Cognitive Biases - A Visual Study Guide. Probability and Game Theory in The Hunger Games. This is a guest post by Michael A.
Lewis (PDF), a friend of mine who is a professor at the Silberman School of Social Work at Hunter College. One of the things I found most interesting and surprising about the movie The Hunger Games (HG) is how mathematical it is. The basic premise of the story is that there is a society in what used to be North America made up of a centralized capital and 12 outer districts. Seventy-four years ago the districts staged an uprising against the capital which was violently put down.
As punishment for this transgression, every year each of the districts must send one boy and one girl (it’s not clear what would happen to transgendered persons in this world) to take part in the Hunger Games. Let’s focus on two mathematical aspects of the movie: the lottery probabilities, and the game theory of sleeping. The way districts choose which boy and girl to send to the capital for the Hunger Games is by lot.
Interpretations of quantum mechanics. An interpretation of quantum mechanics is a set of statements which attempt to explain how quantum mechanics informs our understanding of nature.
Although quantum mechanics has held up to rigorous and thorough experimental testing, many of these experiments are open to different interpretations. There exist a number of contending schools of thought, differing over whether quantum mechanics can be understood to be deterministic, which elements of quantum mechanics can be considered "real", and other matters. This question is of special interest to philosophers of physics, as physicists continue to show a strong interest in the subject.
They usually consider an interpretation of quantum mechanics as an interpretation of the mathematical formalism of quantum mechanics, specifying the physical meaning of the mathematical entities of the theory. History of interpretations Main quantum mechanics interpreters Nature of interpretation Two qualities vary among interpretations: Game Theory and Physics. A tale of two qubits: how quantum computers work. Quantum information is the physics of knowledge.
To be more specific, the field of quantum information studies the implications that quantum mechanics has on the fundamental nature of information. By studying this relationship between quantum theory and information, it is possible to design a new type of computer—a quantum computer. A largescale, working quantum computer—the kind of quantum computer some scientists think we might see in 50 years—would be capable of performing some tasks impossibly quickly. To date, the two most promising uses for such a device are quantum search and quantum factoring. To understand the power of a quantum search, consider classically searching a phonebook for the name which matches a particular phone number.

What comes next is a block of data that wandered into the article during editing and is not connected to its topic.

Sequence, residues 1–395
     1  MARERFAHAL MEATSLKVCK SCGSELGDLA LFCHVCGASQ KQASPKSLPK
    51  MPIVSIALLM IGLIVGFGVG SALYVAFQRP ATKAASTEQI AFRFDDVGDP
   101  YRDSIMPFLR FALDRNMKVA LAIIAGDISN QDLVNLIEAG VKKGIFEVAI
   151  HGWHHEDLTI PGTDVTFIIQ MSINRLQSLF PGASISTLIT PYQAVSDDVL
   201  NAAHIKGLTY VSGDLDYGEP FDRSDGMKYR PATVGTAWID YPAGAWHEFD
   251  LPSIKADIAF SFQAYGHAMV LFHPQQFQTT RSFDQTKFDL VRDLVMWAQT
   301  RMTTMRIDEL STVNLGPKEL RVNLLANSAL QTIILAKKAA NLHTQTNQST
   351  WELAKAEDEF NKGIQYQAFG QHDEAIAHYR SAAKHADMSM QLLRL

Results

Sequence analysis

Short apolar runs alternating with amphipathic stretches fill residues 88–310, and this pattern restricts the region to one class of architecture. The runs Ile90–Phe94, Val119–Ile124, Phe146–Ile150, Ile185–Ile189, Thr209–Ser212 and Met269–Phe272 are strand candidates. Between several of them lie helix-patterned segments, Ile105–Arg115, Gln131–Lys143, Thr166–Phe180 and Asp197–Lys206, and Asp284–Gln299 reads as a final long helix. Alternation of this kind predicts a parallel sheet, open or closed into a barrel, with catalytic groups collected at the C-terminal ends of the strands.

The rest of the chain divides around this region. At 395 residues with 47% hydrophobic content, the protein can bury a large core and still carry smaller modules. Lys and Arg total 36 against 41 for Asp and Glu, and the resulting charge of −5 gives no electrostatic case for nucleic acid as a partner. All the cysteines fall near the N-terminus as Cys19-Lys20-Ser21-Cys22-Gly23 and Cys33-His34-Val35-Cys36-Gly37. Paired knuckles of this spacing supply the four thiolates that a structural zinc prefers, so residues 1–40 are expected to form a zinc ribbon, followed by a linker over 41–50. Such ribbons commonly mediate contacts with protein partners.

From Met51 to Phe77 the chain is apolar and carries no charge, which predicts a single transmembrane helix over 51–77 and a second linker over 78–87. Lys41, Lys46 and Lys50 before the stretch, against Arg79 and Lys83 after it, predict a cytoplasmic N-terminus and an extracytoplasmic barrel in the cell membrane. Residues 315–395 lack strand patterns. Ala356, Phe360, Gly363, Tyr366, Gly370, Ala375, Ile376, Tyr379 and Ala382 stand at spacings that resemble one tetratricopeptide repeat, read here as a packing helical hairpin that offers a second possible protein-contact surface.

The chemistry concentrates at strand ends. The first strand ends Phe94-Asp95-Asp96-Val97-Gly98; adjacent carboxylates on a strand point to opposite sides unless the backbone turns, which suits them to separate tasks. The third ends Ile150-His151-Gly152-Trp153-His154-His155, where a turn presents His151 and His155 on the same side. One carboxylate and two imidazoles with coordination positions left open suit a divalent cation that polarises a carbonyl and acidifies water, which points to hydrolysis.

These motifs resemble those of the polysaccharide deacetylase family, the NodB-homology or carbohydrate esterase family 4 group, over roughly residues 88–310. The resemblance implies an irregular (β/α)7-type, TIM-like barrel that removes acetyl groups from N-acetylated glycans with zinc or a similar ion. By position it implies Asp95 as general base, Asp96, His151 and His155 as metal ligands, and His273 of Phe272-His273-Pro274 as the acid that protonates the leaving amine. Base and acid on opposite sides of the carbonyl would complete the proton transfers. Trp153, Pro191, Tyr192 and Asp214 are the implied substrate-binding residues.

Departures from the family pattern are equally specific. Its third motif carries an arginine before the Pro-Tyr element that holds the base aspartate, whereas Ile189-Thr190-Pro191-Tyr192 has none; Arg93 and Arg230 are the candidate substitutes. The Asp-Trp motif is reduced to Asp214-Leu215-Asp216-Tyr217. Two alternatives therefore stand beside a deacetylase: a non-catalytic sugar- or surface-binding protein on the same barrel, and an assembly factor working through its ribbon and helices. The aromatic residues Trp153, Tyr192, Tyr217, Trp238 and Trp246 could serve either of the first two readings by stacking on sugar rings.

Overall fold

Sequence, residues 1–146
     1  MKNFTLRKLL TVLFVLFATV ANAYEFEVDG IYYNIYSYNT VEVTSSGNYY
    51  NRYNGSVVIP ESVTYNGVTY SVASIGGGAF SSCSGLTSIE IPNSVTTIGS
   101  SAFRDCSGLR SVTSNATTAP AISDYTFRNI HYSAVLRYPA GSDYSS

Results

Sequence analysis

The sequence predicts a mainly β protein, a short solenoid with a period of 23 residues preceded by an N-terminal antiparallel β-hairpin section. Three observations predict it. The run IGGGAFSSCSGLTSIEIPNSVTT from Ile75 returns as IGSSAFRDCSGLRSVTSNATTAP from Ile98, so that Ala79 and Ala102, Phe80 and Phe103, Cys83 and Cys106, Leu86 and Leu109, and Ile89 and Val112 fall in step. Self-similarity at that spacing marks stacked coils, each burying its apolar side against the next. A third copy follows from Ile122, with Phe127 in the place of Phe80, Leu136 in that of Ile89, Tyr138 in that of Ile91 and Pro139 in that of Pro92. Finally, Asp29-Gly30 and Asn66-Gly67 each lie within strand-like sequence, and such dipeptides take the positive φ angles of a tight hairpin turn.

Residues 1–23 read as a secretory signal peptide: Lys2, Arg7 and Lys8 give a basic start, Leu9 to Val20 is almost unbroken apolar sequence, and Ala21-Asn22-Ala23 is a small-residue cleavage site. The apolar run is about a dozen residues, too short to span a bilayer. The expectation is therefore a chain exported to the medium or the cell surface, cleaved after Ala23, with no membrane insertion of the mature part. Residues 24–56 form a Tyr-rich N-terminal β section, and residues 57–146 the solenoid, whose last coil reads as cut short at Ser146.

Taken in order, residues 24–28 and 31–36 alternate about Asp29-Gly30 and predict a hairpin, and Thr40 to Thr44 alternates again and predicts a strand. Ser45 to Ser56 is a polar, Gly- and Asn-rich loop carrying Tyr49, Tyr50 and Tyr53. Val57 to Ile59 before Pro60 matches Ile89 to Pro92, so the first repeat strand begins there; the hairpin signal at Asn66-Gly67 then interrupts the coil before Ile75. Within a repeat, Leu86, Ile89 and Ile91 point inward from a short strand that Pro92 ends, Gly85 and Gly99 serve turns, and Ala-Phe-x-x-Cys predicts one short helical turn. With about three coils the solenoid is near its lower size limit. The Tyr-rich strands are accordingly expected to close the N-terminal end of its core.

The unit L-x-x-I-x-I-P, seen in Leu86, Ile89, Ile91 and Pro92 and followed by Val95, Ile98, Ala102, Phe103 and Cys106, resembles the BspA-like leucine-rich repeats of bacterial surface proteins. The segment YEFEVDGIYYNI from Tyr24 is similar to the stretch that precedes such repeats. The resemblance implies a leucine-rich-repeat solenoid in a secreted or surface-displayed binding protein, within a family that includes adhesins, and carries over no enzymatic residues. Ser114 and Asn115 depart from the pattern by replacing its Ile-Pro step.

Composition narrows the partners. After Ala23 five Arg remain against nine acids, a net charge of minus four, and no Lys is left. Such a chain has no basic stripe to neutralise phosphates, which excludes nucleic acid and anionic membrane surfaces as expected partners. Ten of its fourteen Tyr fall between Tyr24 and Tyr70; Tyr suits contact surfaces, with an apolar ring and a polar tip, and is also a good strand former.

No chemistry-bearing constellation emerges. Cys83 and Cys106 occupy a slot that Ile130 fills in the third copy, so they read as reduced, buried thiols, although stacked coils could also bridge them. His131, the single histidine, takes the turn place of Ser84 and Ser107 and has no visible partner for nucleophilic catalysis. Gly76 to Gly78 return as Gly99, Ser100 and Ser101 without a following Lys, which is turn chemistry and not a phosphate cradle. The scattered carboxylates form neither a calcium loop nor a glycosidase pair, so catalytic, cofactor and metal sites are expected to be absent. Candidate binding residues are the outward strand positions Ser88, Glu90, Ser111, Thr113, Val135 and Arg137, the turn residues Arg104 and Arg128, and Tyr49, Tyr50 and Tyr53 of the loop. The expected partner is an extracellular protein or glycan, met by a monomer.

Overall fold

Although quantum search is impressive, quantum factoring algorithms pose a legitimate, considerable threat to security. Single qubits. Rg8qn.png at Free Image Hosting. Quantum game theory. Quantum game theory is an extension of classical game theory to the quantum domain.
It differs from classical game theory in three primary ways: Superposed initial states,Quantum entanglement of initial states,Superposition of strategies to be used on the initial states. This theory is based on the physics of information much like quantum computing. Superposed initial states Entangled initial states [quant-ph/0004076] Quantum Games. U.S. Simulation Forecasts Perils of an Israeli Strike at Iran. Game Theory with Ben Polak. Game Theory. First published Sat Jan 25, 1997; substantive revision Wed May 5, 2010 Game theory is the study of the ways in which strategic interactions among economic agents produce outcomes with respect to the preferences (or utilities) of those agents, where the outcomes in question might have been intended by none of the agents.
The meaning of this statement will not be clear to the non-expert until each of the italicized words and phrases has been explained and featured in some examples. Doing this will be the main business of this article. First, however, we provide some historical and philosophical context in order to motivate the reader for the technical work ahead. 1. The mathematical theory of games was invented by John von Neumann and Oskar Morgenstern (1944).
Despite the fact that game theory has been rendered mathematically and logically systematic only since 1944, game-theoretic insights can be found among commentators going back to ancient times. 2. 2.1 Utility.